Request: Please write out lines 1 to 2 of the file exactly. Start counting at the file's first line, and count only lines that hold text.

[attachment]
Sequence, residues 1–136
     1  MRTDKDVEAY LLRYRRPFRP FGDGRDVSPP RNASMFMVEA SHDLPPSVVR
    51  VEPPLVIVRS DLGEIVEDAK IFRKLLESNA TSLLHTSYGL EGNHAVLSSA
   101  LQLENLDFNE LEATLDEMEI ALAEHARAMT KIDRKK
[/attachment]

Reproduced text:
Sequence, residues 1–136
     1  MRTDKDVEAY LLRYRRPFRP FGDGRDVSPP RNASMFMVEA SHDLPPSVVR